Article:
Incoming…Asteroid buzzes Earth
I was watching yet another re-run of Armageddon the other night when the heroic Bruce Willis and his motley crew of oil drillers-turned-astronauts saved Earth from certain asteroid doom. Yet we are forced to consider our delicate position in very real terms when the Lincoln Near Earth Asteroid Research (LINEAR) project discovered an asteroid called 2011 MD. It was heading straight toward us and we only had four days notice.
Working from their base in New Mexico, the LINEAR team uses automated one-meter ground based telescopes to probe the skies for so-called near-Earth object (NEO) threats. The discovery of 2011 MD on Wednesday goes to show that we need to get better at identifying potential asteroid threats, investing more money and time into projects like LINEAR. The more time we have, the greater chance there is of us being able to do something about it.
Surprisingly, NEOs are more common than you think with around 8,000 known. This newly discovered interplanetary interloper is thought to measure no more than 20 meters wide, making it no real threat — but it’s a warning all the same.
If 2011 MD did hit us, then it would more than likely break up in the atmosphere and give us an amazing display of fireballs and meteors. As it turns out, it will sail harmlessly by at a butt-clenchingly close distance of only 12,000 kilometers (7,500 miles), 32 times closer than the moon, and closer than geosynchronous satellites.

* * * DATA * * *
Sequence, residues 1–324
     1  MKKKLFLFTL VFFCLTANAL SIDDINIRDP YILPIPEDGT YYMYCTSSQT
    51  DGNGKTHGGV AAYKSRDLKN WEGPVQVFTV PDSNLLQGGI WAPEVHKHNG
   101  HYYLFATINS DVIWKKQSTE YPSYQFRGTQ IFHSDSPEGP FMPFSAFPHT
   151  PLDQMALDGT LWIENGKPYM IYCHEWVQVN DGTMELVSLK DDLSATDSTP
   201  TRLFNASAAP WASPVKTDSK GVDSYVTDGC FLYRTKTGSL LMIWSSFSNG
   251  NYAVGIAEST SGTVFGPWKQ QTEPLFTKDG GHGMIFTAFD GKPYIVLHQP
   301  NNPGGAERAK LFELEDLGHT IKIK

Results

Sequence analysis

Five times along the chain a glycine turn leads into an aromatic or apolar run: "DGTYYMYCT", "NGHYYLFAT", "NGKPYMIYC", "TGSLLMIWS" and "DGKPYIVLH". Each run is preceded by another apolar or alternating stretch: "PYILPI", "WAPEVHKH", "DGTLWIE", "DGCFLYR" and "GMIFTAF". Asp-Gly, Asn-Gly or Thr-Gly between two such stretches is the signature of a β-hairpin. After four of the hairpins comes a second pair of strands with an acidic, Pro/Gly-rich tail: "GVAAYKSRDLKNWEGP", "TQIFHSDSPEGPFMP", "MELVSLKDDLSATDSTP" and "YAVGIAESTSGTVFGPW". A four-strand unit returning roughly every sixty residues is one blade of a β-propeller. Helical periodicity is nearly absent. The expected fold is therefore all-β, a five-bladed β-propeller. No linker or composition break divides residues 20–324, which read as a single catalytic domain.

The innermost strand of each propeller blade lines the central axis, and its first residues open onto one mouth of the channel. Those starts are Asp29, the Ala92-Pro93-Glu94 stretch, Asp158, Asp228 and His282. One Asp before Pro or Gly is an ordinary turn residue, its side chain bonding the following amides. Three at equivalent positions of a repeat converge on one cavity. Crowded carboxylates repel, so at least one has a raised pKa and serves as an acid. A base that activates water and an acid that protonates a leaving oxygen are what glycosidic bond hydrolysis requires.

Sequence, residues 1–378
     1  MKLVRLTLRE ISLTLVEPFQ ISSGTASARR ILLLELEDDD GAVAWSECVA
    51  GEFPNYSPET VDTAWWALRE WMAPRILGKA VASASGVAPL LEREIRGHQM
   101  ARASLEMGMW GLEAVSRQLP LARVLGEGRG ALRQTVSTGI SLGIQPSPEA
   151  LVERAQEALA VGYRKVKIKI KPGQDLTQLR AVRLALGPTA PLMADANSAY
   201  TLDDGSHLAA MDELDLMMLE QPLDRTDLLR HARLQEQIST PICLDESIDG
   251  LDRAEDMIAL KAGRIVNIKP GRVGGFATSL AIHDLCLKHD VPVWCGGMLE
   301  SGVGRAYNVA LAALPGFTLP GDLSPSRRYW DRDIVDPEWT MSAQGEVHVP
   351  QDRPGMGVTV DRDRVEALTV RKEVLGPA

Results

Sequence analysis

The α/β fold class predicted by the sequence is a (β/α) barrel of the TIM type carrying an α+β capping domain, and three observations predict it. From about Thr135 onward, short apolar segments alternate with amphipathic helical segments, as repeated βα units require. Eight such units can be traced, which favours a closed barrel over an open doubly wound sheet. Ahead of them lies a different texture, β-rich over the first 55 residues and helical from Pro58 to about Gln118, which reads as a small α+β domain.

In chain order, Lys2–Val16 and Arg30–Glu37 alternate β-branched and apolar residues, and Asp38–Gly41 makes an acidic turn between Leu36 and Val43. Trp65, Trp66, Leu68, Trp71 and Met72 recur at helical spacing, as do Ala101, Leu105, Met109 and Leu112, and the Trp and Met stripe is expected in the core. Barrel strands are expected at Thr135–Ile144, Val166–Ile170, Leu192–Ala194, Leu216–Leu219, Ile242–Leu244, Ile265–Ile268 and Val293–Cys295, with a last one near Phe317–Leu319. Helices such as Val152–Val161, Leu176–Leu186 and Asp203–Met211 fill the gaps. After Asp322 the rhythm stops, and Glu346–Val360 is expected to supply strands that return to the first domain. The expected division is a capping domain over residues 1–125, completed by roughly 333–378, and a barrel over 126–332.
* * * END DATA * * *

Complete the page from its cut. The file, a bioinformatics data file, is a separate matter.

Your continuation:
The moment of closest approach will occur on Monday, June 27 at 17:00 UTC somewhere over the South Atlantic Ocean. Its visibility will be severely limited, but amateur astronomers in Australia and New Zealand should be able to track 2011 MD in the night sky just before closest approach.
I was lucky enough to have access to the Faulkes Telescope system which has two multi-million pound robotic telescopes available across the Internet. One is based in Hawaii and the other in Australia, perfect. After a frantic 30 minutes chasing the 2011MD across the sky I managed to grab this 10 second black and white image clearly showing its fast speed across the sky as it approached. At the time of the image, it was travelling across the sky at a rate of 1/20th of a degree per min (fast!) Later in the day at the moment of closest approach it was travelling at a staggering 1.1 degrees per min (a heck of a lot faster!)
I wanted to try a neat little trick and take a colour image of the fast moving asteroid next which I hoped would produce a rather curious affect. When astronomers take colour images of the sky, they don’t just use a colour camera, instead, we take a black and white picture through a red filter, another through a green filter and a third through a blue filter. These are then all recombined to produce the final colour image. We do this to maximise the resolution we get in the picture. When imaging the asteroid though, because of its fast speed it would be moving in between the 20 second exposures of each colour and, by the time the filter changed and the next exposure started, it would be in a completely different place! A great effect as you can see.